September 30, 2020

IMG_3797By DEVON HAYES

It really is time for the talk.

With the Science of Sexuality exhibit having opened on Jan. 25 at The Museum, visitors will be able to learn about sexuality on multiple levels, with one important message – positivity.

The exhibit – originally called Sex: A Tell-All Exhibition – was developed in 2011 at the Montreal Science Centre. Now premiering at The Museum – its fifth location – the exhibit has received generally positive feedback from viewers of all ages.

“A common denominator started coming out. While it was developed for those 13 and up, everyone was going to see it,” said David Marskell, CEO of The Museum. “What we’re all about is going beyond the exhibit and focusing on the dialogue, and our advertising is ground in ‘it’s time for the talk.’ What we hope is that there will be smart discussion about being responsible.”

The exhibit is split up into five “zones,” and it begins with, for lack of a better phrase, the beginning.

“This lays it out in a positive, respectful and frank way, and it might help some teachers and parents who might be awkward themselves, because the teacher can just let them roam,” Marskell said. “This isn’t a guided tour, you go on your own.”

The My Origins zone shows new life and answers that question many kids ask: where did I come from? The zone is complete with an understanding of the science of conception, all the way to the birth of a child.

The second zone, Me, is lined with life-size images of both nude males and females, from infancy to elderly. The zone is meant to emphasize the changing body, and how everyone has a different body.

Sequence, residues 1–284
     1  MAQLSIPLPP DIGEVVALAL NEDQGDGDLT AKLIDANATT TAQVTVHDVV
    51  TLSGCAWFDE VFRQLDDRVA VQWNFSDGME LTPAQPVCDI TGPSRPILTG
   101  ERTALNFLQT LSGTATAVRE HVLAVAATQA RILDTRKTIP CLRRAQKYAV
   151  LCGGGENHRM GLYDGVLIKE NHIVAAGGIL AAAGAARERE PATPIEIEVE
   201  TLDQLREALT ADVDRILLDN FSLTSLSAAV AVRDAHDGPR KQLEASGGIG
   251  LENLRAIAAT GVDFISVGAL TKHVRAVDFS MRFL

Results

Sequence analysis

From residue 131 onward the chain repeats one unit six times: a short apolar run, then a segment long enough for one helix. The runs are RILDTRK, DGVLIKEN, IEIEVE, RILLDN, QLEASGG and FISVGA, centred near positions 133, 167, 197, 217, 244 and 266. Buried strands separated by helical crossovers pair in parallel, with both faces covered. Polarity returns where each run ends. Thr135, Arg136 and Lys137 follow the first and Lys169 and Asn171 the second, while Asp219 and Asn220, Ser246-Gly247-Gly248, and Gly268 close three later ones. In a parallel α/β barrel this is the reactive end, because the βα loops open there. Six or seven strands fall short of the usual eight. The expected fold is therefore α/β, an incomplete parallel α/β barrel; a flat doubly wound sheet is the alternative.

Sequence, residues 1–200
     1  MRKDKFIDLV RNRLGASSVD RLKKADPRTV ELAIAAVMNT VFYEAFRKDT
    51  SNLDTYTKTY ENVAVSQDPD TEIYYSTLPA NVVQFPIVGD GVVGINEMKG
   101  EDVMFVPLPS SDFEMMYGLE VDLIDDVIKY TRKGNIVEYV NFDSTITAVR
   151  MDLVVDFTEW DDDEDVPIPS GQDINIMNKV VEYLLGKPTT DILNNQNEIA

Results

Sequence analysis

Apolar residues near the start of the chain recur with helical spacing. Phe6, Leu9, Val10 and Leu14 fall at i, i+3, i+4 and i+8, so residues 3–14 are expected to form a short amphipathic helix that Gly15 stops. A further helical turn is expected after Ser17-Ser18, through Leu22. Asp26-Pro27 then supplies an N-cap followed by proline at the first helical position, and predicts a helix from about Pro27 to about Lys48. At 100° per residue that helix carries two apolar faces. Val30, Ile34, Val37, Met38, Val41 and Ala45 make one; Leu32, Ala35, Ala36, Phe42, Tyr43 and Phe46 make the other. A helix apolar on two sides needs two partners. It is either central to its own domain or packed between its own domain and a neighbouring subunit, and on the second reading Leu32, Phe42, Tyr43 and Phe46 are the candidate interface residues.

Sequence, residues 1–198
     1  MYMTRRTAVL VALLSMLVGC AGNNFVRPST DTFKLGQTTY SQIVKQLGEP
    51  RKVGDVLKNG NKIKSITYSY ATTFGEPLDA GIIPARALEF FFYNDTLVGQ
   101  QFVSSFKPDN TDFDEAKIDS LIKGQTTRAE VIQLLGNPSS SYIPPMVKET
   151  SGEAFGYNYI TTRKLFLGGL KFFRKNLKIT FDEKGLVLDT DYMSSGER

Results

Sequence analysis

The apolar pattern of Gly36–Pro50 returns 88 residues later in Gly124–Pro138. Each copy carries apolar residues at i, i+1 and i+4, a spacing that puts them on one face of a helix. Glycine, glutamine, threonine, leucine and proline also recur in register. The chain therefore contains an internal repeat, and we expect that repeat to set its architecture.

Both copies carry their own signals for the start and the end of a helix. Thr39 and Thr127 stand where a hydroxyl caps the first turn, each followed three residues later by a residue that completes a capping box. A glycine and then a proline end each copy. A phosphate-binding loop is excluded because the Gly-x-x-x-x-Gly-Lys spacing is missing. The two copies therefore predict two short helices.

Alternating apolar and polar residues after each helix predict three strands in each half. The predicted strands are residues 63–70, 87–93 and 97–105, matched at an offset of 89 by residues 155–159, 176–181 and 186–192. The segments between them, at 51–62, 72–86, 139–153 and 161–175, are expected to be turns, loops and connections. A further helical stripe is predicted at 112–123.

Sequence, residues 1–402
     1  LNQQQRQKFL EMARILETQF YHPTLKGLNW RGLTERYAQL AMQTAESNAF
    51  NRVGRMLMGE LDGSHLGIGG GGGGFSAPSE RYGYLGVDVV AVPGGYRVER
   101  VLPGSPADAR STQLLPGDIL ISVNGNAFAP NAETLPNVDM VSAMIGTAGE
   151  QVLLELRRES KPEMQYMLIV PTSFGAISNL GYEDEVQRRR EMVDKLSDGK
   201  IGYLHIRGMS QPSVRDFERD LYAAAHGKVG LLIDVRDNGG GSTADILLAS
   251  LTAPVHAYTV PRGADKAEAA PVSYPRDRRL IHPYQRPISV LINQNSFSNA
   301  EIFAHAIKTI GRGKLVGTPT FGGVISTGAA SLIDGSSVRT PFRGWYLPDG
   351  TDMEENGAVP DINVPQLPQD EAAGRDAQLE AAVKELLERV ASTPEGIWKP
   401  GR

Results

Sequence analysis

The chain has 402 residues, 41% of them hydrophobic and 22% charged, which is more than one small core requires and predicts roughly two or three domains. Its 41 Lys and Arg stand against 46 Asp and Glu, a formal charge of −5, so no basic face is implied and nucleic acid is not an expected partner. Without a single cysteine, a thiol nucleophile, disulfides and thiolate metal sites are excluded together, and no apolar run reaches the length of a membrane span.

“One of the key things about this exhibit is that people feel normal, no matter what they are or what they feel,” Marskell said. He added it is designed to help teens understand that sometimes, not everything is perfect.

The Me & You zone focuses on one’s interaction with another person on a sexual level. A video about what happens during a sexual encounter can help people at any age understand their own anatomy as well as that of the opposite sex. Flirting and love are also some key topics in this zone.

Me & Others covers a much more vague topic – what to do in the case of pregnancy or diseases and infections, and who to talk to. The importance of this zone is to understand that as long as the necessary precautions are well thought through, sex can be incredibly healthy for both mind and body, but there can be consequences to ignoring them.

My Point of View allows visitors to leave a message about what they know and how they feel about the exhibit, or even just about sexuality in general.

The exhibit is rich with interactive machines – a line of buttons, each with a different question, can be pressed, resulting in a real doctor answering your question. These can be answered in English or French, as the entire exhibit is bilingual.

“If you stick your arm in this hole here, it’s a sensory thing – I think it’s supposed to give your arm a certain feeling,” said Andrea Carvalho, a volunteer at The Museum.
The exhibit is laid out for learners of all types, with video, audio and sensory materials.

The main message for young and old is that knowledge about sex and sexuality can ensure a safe and fun experience, and that, while everyone has the right to be shy personally, they also have the right to speak up.

“It’s the most under-discussed topic – it’s such a ubiquitous thing – but everyone can relate to sex,” Marskell said, “but nobody will talk about it.”

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